Mercy. The whole event moved mountains in me and the rest of our time together was filled with the Spirit while we ate and shared questions and stories and near the end Roger asked me to read some Psalms over him and our friend Justin had a prophetic word for Roger regarding the guilt he carries and how God actually sees him like a beloved son in spite of the lies he hears. Then we bowed our heads and Justin prayed for him and I held his hand, dirty skin to dirty skin – Roger’s and mine.


{Austin Morrison – my Mr., my Him, my Love . . . I was SO wishing you weren’t out of town for this. Miss you.}

my heart wasn’t made for this.

{ source :: pinterest }

There are times when I feel like all the seeing and knowing and hearing and reading . . . all the immediate access we have to everything in the world at the same time can’t be good for our wee God-woven hearts? And to top it off we have a veritable highway of opinion and commentary for the entirety of it. And this million-lane-wide-opinion-highway is without speed limits or traffic violations or ticket-writing-police and there are engines burning at 8000 rpm’s and can someone please let me off at the next exit?


Do you ever wonder if your heart wasn’t made for it? The internet, I’m speaking of now and the other night a popular justice-fighter made a very public mistake and every web-avenue was bursting with this “delicious” and “titillating” news before anyone could say “Bob’s your uncle”. Jason Russell of Invisible Children was hit hard by God only knows what kind of invisible force and I only read 5 minutes worth of responses from people sitting on their self-righteous couches before I was screaming, screaming inside. And weeping over my tea kettle and telling Jesus that “my heart wasn’t made for this”, this expansive knowing of what is being said and done to just one man {let alone the world} and with the breadth of meanness and judgement coming off my computer screen? I hurt so bad—everywhere—for the unconscionable abuse being kicked against him while he was already down. And I was burning-in-my-lungs mad. Any madder and maybe someone would’ve found me running naked in the streets doing strange things, scandalizing polite society.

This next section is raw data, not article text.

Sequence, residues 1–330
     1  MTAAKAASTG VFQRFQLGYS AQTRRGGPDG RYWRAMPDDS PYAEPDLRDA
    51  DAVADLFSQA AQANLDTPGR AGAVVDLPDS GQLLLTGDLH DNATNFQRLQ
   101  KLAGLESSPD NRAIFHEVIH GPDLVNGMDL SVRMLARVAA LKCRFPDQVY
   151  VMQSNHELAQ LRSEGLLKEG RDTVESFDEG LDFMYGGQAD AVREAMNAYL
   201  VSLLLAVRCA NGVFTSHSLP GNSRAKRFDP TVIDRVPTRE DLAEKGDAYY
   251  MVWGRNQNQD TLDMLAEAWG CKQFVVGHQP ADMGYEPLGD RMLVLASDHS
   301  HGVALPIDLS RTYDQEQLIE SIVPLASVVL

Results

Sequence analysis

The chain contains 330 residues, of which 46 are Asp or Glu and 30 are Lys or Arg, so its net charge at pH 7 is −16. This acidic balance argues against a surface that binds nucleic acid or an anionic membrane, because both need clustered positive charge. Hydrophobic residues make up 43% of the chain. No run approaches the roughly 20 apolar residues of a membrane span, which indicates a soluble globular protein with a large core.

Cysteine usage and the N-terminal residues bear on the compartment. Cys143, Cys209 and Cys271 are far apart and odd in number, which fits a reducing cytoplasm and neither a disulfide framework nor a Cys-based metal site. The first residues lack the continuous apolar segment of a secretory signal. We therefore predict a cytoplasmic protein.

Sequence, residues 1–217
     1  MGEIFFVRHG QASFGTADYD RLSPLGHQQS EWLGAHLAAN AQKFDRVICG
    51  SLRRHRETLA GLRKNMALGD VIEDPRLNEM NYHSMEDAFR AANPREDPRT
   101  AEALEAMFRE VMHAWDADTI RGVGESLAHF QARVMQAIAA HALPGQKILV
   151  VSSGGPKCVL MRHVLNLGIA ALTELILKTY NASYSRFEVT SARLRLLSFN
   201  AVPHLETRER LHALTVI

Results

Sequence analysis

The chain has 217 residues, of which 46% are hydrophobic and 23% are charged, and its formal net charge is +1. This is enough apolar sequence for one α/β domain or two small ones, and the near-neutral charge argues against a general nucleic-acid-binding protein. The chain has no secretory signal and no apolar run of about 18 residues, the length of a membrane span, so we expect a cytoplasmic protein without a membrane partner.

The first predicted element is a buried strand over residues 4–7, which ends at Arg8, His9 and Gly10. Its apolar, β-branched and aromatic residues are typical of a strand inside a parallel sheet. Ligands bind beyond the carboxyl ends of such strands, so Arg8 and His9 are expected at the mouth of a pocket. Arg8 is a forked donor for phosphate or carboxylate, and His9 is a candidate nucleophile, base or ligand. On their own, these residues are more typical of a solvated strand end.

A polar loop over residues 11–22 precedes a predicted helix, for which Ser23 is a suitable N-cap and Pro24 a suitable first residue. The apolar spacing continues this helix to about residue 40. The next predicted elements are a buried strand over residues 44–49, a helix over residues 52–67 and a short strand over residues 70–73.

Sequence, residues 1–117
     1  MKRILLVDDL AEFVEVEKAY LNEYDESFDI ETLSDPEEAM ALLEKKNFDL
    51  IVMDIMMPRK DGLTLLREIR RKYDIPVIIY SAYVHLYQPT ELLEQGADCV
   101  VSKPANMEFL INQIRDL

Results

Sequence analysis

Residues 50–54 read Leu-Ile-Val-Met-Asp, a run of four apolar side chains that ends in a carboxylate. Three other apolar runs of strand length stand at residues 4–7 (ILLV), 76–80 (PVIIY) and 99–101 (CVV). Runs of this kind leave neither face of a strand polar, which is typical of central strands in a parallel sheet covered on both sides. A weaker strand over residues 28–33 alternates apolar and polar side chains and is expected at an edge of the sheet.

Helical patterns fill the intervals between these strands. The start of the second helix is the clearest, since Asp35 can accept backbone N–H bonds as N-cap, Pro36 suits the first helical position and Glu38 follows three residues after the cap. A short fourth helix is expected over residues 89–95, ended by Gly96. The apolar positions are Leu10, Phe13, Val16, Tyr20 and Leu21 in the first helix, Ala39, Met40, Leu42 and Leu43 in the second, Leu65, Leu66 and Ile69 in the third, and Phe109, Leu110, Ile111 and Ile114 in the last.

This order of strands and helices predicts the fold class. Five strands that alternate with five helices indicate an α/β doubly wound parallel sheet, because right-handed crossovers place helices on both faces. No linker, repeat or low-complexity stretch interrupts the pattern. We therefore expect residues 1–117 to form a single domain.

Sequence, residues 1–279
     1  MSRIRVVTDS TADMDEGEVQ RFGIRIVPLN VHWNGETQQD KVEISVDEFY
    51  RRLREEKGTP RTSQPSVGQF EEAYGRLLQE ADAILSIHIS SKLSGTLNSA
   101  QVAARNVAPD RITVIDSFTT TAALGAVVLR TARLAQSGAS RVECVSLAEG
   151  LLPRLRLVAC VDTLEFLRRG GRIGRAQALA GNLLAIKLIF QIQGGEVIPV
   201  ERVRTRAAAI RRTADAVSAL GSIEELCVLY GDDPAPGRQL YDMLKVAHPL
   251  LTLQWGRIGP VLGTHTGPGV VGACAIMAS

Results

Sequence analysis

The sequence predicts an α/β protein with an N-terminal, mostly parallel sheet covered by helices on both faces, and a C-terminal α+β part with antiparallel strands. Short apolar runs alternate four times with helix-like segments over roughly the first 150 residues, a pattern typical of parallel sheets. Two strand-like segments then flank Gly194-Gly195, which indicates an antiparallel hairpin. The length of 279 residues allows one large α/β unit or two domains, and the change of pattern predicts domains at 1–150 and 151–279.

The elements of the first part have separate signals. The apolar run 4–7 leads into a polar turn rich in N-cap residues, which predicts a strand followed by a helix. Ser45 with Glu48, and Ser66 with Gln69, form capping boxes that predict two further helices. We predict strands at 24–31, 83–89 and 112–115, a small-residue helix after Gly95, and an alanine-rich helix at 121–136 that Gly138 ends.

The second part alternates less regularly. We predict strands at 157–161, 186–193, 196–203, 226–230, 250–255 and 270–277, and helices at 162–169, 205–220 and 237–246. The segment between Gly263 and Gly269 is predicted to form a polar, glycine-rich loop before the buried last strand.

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the :: c :: word

:: source ::

“Compassion is the sometimes fatal capacity for feeling what it is like to live inside somebody else’s skin.”  ~ Frederick Buechner

Is that why we suffer from “compassion fatigue”? My own damn skin is hard enough to live inside of {thank-you very much} without crawling inside yours as well. And I’m not even—necessarily—talking about the overseas, bloated-bellies-burning-under-the-heat-of-an-African-desert-sun kind of compassion. Although, the description fits. I’ve heard there in a great famine in the land. I think I read about it somewhere while I was eating ice-cream.

No, I had my own collision with Compassion the other day and it was one of those moments. You know . . . ? The kind when the veil is gossamer-thin at the same time, by Someone’s intimate orchestration, the heart is clay-soft. And you might as well be a pile of broken flesh on the floor for as undone as you are when the two sensations slam together. The most elemental meaning to life—that a mortal can see—is revealed just then and maybe you won’t feel the same way come morning, but if an altar can be built or a memory committed during that moment, it might be enough to hold your turn-the-other-way-feet to the fire-of-what-you-ought-to-do, even if—and especially when—you don’t feel like it.

Christ knows how many things I don’t feel like doing. But this year we chose to be a New Kingdom family and a big decision like that cannot be made without sky-scraping ripples and repercussions. {That sounds like a lot of movement to me—the scraping and the ripples and the repercussions. Oh my. I wonder if this body can handle it?}